Date: Tue, 18 Apr 1995 10:58:50 -0700 From: danpack at grape-ape.che.caltech.edu (Dan Pack) Subject: aroma/taste/flavor David Shea writes: >hops. I know dryhopping isn't supposed to add flavor, but the change in >taste was so dramatic when I dryhopped, I am not sure if this is true. to which Norm Pyle responds: >Not supposed to add flavor? Do you mean "not supposed to add bitterness"? I >don't much distinguish between aroma and flavor, as the two are so tightly >coupled, but in my mind, dry hopping adds flavor and aroma, in a big way. So Absolutely right, Norm. I think I've seen this discussed in the digest before, but just a reminder. *Taste* is comprised of only four components: sweet, bitter, sour and salty. Your sense of *smell* or *aroma* is capable of distinguishing MANY different smells (thousands, I think). So, the perception of *flavor* is a combination of taste and aroma. Since your nose is sensitive to a much wider array of compounds than your tongue, anything which changes the aroma of your beer (dry-hopping) will have an impact on the flavor. Dan Return to table of contents
Date: 18 Apr 1995 10:52:10 PDT From: "Wallinger, W. A." <WAWA at chevron.com> Subject: na beer From: Wallinger, W. A. (Wade) To: OPEN ADDRESSING SERVI-OPENADDR Subject: na beer Date: 1995-04-18 12:39 Priority: - ------------------------------------------------------------------------------ cheryl asks about na beer, and it inspired me to share my recent experiment with this 'style'. my father is no longer able to consume alcohol, and has become quite the partaker of na beer. as a rule, the americans are again way behind the europeans in terms of quality. i wanted to homebrew a beer that he could drink AND enjoy. so, i attempted to create a na beer from carapils (dextrine) malt. i made a 1-gallon batch as follows: 1/2# carapils (mashed by 'steeping' in 1 gallon of water as it heated) 1/2oz hallertau hops (3.1% alpha, 15 min boil) 1/2oz hallertau hops (3.1% alpha, 1 min boil) 1 packet of ale yeast (dry, forgot to note the brand) i let this sit for about two weeks in a gallon jug with an airlock at room temp (about 70f) - no airlock activity. it took two weeks to 'clear' enough to comfort me that it was time to bottle. i used 1 oz corn sugar in 1/2 cup water to prime. OG was 1.010, FG was 1.009 (well within the repeatability of the test, i believe). well, my father visited for easter, and rated the beer to be as good as the european versions he has come to enjoy. a homebrewing buddy of mine also enjoyed the taste, and wants to make a batch for himself for the summer afternoons when he needs to retain his 'composure'. the beer primed wonderfully. the only drawback is that the sediment does not become 'firm', and is difficult to keep from the glass when pouring from the bottle. any suggestions on improvements are welcome. Wade. Return to table of contents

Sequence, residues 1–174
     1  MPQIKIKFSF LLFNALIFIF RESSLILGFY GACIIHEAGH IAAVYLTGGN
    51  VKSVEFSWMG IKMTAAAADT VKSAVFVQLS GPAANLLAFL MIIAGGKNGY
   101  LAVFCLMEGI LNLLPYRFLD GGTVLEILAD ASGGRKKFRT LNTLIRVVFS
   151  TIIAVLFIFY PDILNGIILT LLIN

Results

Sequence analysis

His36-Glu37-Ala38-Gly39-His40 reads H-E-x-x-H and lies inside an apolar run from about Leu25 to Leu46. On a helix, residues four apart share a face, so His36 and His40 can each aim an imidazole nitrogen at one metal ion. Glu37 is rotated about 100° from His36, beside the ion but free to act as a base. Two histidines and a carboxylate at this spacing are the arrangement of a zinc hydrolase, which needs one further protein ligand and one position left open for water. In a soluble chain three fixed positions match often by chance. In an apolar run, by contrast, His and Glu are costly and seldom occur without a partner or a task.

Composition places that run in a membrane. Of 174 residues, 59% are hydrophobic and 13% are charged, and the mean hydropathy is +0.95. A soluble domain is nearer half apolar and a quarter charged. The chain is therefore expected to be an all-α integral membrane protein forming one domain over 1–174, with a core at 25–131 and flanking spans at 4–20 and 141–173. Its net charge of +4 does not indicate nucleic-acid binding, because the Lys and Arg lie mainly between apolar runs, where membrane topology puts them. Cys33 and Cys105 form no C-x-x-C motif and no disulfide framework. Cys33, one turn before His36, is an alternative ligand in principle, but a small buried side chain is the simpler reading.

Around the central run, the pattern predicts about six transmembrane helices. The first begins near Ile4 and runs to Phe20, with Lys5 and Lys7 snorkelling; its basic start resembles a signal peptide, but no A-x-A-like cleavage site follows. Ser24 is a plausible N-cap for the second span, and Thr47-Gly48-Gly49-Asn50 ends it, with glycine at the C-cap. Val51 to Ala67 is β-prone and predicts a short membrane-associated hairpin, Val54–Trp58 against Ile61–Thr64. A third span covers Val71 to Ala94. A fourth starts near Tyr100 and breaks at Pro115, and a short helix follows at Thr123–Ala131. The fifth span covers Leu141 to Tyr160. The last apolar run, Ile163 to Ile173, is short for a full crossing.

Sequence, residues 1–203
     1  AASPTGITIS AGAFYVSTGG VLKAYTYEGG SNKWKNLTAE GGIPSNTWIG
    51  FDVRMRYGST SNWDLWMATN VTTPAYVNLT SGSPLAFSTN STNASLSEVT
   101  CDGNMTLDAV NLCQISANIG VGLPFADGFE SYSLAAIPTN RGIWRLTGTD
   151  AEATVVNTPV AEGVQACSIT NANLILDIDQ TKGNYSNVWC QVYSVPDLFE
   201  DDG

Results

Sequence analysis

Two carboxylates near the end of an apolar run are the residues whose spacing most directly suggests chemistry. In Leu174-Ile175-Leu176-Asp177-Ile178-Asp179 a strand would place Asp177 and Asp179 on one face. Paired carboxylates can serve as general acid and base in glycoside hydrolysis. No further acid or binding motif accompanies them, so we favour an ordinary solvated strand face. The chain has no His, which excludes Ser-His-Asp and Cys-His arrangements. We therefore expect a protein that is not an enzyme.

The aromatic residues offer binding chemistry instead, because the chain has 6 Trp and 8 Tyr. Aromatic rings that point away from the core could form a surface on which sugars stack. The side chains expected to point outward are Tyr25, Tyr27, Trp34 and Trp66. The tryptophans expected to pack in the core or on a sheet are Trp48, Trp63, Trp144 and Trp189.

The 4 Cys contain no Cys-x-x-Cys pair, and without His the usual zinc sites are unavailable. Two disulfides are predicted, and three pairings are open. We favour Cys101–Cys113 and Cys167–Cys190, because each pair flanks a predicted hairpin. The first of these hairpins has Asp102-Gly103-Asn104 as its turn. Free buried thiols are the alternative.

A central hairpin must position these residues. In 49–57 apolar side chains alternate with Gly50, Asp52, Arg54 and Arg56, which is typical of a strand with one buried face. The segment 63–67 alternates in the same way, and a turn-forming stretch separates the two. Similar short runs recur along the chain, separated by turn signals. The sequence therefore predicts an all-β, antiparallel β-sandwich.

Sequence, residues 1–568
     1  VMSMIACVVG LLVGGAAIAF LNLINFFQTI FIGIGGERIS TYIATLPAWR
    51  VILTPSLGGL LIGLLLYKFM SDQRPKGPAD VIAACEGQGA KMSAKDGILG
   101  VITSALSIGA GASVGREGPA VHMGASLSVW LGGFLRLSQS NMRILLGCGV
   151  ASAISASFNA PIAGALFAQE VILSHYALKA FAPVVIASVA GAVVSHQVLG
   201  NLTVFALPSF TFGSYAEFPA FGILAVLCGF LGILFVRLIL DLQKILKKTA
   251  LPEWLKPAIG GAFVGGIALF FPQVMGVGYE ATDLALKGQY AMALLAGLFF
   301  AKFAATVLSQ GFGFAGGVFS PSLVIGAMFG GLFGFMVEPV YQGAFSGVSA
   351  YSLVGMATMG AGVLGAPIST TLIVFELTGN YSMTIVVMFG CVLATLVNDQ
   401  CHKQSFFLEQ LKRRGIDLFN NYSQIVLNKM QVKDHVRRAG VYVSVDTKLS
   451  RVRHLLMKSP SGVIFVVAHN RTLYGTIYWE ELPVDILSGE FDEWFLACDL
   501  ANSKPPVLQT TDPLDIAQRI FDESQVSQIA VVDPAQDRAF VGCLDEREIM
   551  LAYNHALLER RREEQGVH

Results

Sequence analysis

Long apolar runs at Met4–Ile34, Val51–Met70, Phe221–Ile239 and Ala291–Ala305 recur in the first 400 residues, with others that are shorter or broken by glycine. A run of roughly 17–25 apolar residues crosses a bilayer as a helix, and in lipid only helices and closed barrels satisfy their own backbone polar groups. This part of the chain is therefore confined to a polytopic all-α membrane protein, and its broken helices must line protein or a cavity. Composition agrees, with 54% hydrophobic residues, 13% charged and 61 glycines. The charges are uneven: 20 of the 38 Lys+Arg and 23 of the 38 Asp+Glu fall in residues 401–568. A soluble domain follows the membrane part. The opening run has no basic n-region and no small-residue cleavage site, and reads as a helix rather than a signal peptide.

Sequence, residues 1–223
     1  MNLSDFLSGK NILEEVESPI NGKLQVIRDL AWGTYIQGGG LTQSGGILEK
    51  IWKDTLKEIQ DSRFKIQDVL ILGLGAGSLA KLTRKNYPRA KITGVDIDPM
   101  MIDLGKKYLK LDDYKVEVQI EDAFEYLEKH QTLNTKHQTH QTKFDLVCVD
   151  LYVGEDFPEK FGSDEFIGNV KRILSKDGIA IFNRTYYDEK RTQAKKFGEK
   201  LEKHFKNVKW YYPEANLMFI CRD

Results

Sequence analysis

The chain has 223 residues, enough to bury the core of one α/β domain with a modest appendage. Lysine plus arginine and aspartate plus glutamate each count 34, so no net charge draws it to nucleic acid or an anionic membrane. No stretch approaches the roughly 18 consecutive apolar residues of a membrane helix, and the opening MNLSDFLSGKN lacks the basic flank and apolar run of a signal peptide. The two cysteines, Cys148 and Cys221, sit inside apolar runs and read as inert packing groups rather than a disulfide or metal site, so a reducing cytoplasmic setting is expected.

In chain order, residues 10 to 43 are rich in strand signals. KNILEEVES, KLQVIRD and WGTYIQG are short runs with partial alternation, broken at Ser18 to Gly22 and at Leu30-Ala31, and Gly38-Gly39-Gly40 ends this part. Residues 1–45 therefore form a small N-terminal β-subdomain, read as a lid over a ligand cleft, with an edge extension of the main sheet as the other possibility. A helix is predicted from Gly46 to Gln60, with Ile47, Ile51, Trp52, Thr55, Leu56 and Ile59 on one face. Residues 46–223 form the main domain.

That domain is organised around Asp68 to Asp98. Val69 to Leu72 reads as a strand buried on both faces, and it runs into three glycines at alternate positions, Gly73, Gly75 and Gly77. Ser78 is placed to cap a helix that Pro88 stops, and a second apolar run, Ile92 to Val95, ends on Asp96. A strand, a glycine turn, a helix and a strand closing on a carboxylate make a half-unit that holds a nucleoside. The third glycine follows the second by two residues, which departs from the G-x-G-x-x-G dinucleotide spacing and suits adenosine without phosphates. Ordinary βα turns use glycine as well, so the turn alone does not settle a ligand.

Date: Tue, 18 Apr 95 14:47:34 -0400 From: Jeff Renner <nerenner at umich.edu> Subject: Dropping beer report In early February, Brian Gowland <B.Gowland at rhbnc.ac.uk> started a thread about "dropping" beer, a traditional English technique recommended by Wheeler and Protz (1993. Brew your own real ale at home. ISBN: 1-85249-113-2). I won't repeat the thread here, but the process involves racking off the actively fermenting beer *with* aeration halfway through the fermentation, leaving behind dirty head, trub, and sedimented yeast. Gillian Grafton said it made a great improvement in her beer, but she didn't aerate, not realizing that was part of the recommended process. Several more posters assured us it was. I have not seen any followup from anyone who has subsequently tried this rather surprising procedure. So I will report my experience. I brewed a 7.75 gallon all grain ordinary bitter (OG 1.037) and pitched the settled yeast from a 1 liter starter of YeastLab A03 London (Whiteshield) yeast. It had fine bubbles at 18 hours and kraeusen at 24 hrs. (64^F). I "dropped" it with some aeration at 44 hours, leaving behind lots of trub, plus the dirty head and sedimented yeast. There appeared to be plenty of suspended yeast, and the fermentation never faltered - it continued to push bubbles through the air lock. I reduced the temperature to 54^F at 11 days, kegged two days later. The yeast sediment was very clean. The beer is as nice a bitter as I have ever brewed. Very clean, better hop aroma and flavor than with similarily brewed, undropped beers, but these were not exact duplicates (I can never brew the same recipe twice). It was drinking very well 15 days after brewing. I then took ~1 cup slightly settled yeast slurry from this secondary and pitched it into a 5 gallon batch of 1.039 draft Guinness clone (based on Dave Sapsis' recipe). Because this fermented so quickly (high kraeusen at 16 hours), I dropped it 26 hours with more aeration this time (swirling from the siphon into a large funnel which dropped the beer into a carboy). This beer also continued active fermentation with no pause. I racked with gelatin at 7 days and kegged a week later, and was drinking it the next day (forced CO2). It tastes great, a real ringer for the real thing (thanks, Dave). Neither beer has any unusual diacetyl or esters, They both have a nice, fruity acidity (like a crisp apple or grape) that is appropriate for the styles. Strangely, the stout finished at 1.018, but it doesn't taste at all sweet, just nicely bodied, esp. for OG 1.039. Dave says that sometimes they just finish high. I suspect is is residual unfermentables from the flaked farley and fairly finely ground roast barley (British). I don't know what the FG of draft Guinness is. I should take the FG of the bitter, but I haven't. It certainly doesn't seem at all high. Perhaps as remarkable as anything else about these two beers is how smooth they both tasted with no age at all. Thanks to Brian for introducing this technique, and to the subsequent commentators. It will be SOP for me with British ales from here on. Jeff Renner in Ann Arbor, Michigan c/o nerenner at umich.edu Return to table of contents